Title:
Intravenous needle cover/protector
United States Patent 5449349


Abstract:
The present invention relates to an improved I.V. cover/protector which includes a housing having a generally triangular top, a larger end-wall, a smaller end-wall, and two tapered sides. Two flexible wings are joined by a living hinge along the edge of the two tapered sides. An arch defines a passage through the larger end-wall into the housing. Protuberances are located along the inside walls of the arch for prehension of a catheter/catheter line. The passage defined by the arch and protuberances is oblique to the plane of the flexible wings so that the catheter/catheter line slants downwards toward the insertion site.



Inventors:
Sallee, Wayne A. (310 Pebbleshire, Houston, TX, 77062)
Sallee, Patricia L. (310 Pebbleshire, Houston, TX, 77062)
Application Number:
08/324009
Publication Date:
09/12/1995
Filing Date:
10/14/1994
Assignee:
SALLEE; WAYNE A.
SALLEE; PATRICIA L.
Primary Class:
Other Classes:
128/DIG.6, 128/DIG.26
International Classes:
A61M25/02; (IPC1-7): A61M25/02
Field of Search:
604/174, 604/180, 128/888, 128/DIG.6, 128/DIG.26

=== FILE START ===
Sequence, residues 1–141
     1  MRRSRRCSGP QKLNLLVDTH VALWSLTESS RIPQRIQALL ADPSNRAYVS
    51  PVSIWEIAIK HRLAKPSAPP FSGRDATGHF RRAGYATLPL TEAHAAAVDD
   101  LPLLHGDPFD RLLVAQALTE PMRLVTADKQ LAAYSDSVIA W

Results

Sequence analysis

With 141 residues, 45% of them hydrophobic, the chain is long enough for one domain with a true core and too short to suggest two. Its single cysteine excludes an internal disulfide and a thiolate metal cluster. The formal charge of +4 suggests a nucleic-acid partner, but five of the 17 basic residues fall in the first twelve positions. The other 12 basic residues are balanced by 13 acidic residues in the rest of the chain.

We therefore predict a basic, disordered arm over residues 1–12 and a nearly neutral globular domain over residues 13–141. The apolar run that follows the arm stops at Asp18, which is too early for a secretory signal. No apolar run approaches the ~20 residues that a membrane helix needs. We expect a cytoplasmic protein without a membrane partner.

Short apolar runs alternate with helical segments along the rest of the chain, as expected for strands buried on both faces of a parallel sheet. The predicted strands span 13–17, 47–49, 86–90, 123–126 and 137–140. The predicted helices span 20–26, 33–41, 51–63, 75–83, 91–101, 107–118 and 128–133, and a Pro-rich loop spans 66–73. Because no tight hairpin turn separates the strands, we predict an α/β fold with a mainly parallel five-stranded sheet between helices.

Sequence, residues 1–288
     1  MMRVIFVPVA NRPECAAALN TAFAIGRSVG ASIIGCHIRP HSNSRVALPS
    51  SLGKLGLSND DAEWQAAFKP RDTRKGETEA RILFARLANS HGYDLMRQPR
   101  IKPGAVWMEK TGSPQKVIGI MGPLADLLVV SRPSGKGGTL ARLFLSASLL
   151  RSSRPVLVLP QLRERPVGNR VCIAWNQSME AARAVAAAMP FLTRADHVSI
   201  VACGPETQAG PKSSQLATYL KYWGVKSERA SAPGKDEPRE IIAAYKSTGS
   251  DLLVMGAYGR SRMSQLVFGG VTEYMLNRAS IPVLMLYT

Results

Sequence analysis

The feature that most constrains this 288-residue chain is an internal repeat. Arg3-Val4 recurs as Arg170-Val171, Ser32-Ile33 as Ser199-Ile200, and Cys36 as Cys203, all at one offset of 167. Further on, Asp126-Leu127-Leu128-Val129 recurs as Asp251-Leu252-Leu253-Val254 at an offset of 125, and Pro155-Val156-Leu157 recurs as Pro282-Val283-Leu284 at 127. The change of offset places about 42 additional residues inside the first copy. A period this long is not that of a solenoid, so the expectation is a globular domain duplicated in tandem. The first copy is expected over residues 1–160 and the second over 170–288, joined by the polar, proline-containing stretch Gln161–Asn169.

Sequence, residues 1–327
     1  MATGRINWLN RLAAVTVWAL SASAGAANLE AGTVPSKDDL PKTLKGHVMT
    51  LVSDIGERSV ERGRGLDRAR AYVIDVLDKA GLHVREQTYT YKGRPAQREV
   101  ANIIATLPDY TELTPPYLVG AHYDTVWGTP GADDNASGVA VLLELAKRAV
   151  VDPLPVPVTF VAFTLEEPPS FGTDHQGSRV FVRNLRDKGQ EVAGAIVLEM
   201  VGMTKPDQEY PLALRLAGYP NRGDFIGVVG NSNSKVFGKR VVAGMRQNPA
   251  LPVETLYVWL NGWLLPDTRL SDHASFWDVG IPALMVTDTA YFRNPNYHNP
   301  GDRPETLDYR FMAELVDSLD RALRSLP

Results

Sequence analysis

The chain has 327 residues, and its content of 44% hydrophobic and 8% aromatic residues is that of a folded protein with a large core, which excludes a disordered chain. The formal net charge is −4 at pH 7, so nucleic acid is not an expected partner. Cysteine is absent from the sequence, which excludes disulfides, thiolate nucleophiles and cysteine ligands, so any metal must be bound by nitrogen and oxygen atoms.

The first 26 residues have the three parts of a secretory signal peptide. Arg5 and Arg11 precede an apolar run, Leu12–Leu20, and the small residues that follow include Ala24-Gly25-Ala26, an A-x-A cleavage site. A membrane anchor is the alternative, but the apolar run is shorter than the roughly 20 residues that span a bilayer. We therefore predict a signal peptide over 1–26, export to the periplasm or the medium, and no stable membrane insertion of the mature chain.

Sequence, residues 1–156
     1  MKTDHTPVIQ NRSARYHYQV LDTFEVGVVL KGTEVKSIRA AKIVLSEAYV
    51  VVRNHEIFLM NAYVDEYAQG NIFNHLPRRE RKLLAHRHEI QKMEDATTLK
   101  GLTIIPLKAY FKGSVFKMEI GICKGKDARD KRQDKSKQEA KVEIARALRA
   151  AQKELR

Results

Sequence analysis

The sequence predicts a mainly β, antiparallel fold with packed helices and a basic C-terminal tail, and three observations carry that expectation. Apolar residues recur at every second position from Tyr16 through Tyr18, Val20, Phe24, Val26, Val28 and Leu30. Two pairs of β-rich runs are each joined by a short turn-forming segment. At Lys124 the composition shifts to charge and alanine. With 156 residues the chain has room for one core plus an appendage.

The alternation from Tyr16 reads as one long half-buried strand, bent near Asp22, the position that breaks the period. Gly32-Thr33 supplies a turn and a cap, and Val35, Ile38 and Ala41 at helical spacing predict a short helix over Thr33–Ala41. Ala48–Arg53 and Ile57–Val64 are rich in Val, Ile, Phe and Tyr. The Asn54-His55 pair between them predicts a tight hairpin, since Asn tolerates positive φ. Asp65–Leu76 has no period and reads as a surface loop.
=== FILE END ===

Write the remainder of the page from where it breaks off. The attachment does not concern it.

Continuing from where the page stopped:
View Patent Images:
US Patent References:
5238010Catheter site shield1993-08-24Grabenkort et al.128/888
5116324Protector for IV site1992-05-26Brierley et al.604/180
5112313IV cover/protector1992-05-12Sallee604/180
5074847Needle shield with transparency maintaining coating1991-12-24Greenwell et al.604/174
4767405Sterile cassette1988-08-30Lokken128/DIG.26
3782377STERILE PLASTIC SHIELD1974-01-01Rychlik604/180
3194235Shielding device for intravenous feeding apparatus1965-07-13Cooke604/180



Primary Examiner:
HIRSCH, PAUL J
Attorney, Agent or Firm:
WAYNE SALLEE (431 BISCAYNE BLVD., EL LAGO, TX, 77586, US)
Claims:
What is claimed is:

1. An improved I.V. cover/protector comprising:

a housing;

an arch extending from an end-wall of the housing and defining

a passage into the housing; and

two protuberances oppositely positioned inside of said arch.



2. The improved I.V. cover/protector according to claim 1 further including an insert mounted inside said arch, said insert having an opening.

3. The improved I.V. cover/protector according to claim 1 wherein said arch and said protuberances define a line groove angled oblique to a plane containing an attaching surface of the housing.

4. An improved I.V. cover/protector comprising:

a housing having a triangular top, a larger end-wall, a smaller end-wall, and two tapered sides, wherein the housing defines an interior region;